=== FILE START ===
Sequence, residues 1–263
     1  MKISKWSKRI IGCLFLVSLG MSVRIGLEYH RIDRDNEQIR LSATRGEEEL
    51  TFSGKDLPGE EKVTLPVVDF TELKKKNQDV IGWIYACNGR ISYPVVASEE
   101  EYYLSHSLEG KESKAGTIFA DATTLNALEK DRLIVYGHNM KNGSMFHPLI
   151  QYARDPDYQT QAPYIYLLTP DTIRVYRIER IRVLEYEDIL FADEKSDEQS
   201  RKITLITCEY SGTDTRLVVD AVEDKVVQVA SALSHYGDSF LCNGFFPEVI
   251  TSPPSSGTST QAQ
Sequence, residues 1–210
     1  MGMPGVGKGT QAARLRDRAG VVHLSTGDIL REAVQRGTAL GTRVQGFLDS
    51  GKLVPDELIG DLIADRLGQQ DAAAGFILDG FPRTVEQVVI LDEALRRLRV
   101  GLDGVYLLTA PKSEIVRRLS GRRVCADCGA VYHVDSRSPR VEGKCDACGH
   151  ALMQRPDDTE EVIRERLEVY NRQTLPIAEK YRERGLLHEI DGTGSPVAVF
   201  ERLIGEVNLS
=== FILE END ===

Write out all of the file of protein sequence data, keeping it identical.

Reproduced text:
Sequence, residues 1–263
     1  MKISKWSKRI IGCLFLVSLG MSVRIGLEYH RIDRDNEQIR LSATRGEEEL
    51  TFSGKDLPGE EKVTLPVVDF TELKKKNQDV IGWIYACNGR ISYPVVASEE
   101  EYYLSHSLEG KESKAGTIFA DATTLNALEK DRLIVYGHNM KNGSMFHPLI
   151  QYARDPDYQT QAPYIYLLTP DTIRVYRIER IRVLEYEDIL FADEKSDEQS
   201  RKITLITCEY SGTDTRLVVD AVEDKVVQVA SALSHYGDSF LCNGFFPEVI
   251  TSPPSSGTST QAQ
Sequence, residues 1–210
     1  MGMPGVGKGT QAARLRDRAG VVHLSTGDIL REAVQRGTAL GTRVQGFLDS
    51  GKLVPDELIG DLIADRLGQQ DAAAGFILDG FPRTVEQVVI LDEALRRLRV
   101  GLDGVYLLTA PKSEIVRRLS GRRVCADCGA VYHVDSRSPR VEGKCDACGH
   151  ALMQRPDDTE EVIRERLEVY NRQTLPIAEK YRERGLLHEI DGTGSPVAVF
   201  ERLIGEVNLS